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Discussion in 'Model S' started by SoccerMan94043, Jul 7, 2016.
I think it will happen - universal income - very high marginal taxes on corporate earnings - due to increasing returns of capital and comparatively small returns on labor. The issue is the timeframe - and at this stage there's no way to know whether we are talking 20 years or 2,000. The history of predicting AI advancement rates is one full of laughable errors.
Also - my theory is we don't need any grand society-planning schemes - universal income will just gradually happen organically through a patchwork of increasingly generous entitlement programs and rising tax rates as technology gradually advances and returns on capital inexorably increase.
It will have to happen because capitalists are not stupid - if the masses are broke with no income they can't buy the products built by the robots owned by the shareholders.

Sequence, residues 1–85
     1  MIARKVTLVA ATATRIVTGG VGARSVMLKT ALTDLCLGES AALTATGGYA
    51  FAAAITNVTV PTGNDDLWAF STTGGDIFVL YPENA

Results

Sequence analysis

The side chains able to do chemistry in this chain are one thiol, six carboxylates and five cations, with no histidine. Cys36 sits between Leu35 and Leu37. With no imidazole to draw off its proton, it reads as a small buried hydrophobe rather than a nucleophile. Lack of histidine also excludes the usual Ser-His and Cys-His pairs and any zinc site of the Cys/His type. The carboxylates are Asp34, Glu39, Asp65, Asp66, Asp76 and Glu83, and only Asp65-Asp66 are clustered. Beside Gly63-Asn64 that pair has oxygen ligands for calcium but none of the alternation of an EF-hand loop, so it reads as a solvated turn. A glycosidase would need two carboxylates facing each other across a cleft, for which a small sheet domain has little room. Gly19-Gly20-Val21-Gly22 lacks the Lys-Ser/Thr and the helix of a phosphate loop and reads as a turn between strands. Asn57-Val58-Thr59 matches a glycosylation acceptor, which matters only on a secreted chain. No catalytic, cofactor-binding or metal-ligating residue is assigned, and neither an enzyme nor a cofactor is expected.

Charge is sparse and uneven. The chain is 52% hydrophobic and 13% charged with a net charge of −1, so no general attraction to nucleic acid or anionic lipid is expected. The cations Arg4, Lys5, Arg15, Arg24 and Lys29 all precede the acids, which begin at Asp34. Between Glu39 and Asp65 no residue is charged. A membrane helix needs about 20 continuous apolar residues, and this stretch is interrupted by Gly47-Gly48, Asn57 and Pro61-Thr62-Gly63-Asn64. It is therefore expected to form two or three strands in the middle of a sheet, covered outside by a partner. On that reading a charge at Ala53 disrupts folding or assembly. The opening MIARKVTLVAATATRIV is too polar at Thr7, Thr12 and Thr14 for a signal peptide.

Right now it all looks scary and unpredictable - it's just noise. But look back on the grand picture a couple hundred years from now and the trend lines will be clear.
" In other words one is 130 times safer in Autopilot mode."
Errrmmm ... should be 1.3 times I think ... bit of a difference (Not to mention the statistical unreliability of a sample-size-of-one)
How might an autonomous delivery vehicle work? Sire it can drive to my house but how does it (physically) deliver the parcel, or leave it with a neighbour if I'm out? If it just honks its horn I can go out and empty everything out of the back into my garage sale [/I]
I think the title is a bit alarmist. There will be jobs that will go away as tech changes, but that has always been the way of tech evolution. You don't find too many horse groomers in New York City today, but 110 years ago there were thousands. Same thing for street sweepers. There were legions of people who spent their entire work day sweeping the streets of horse manure. There isn't much calling for them today.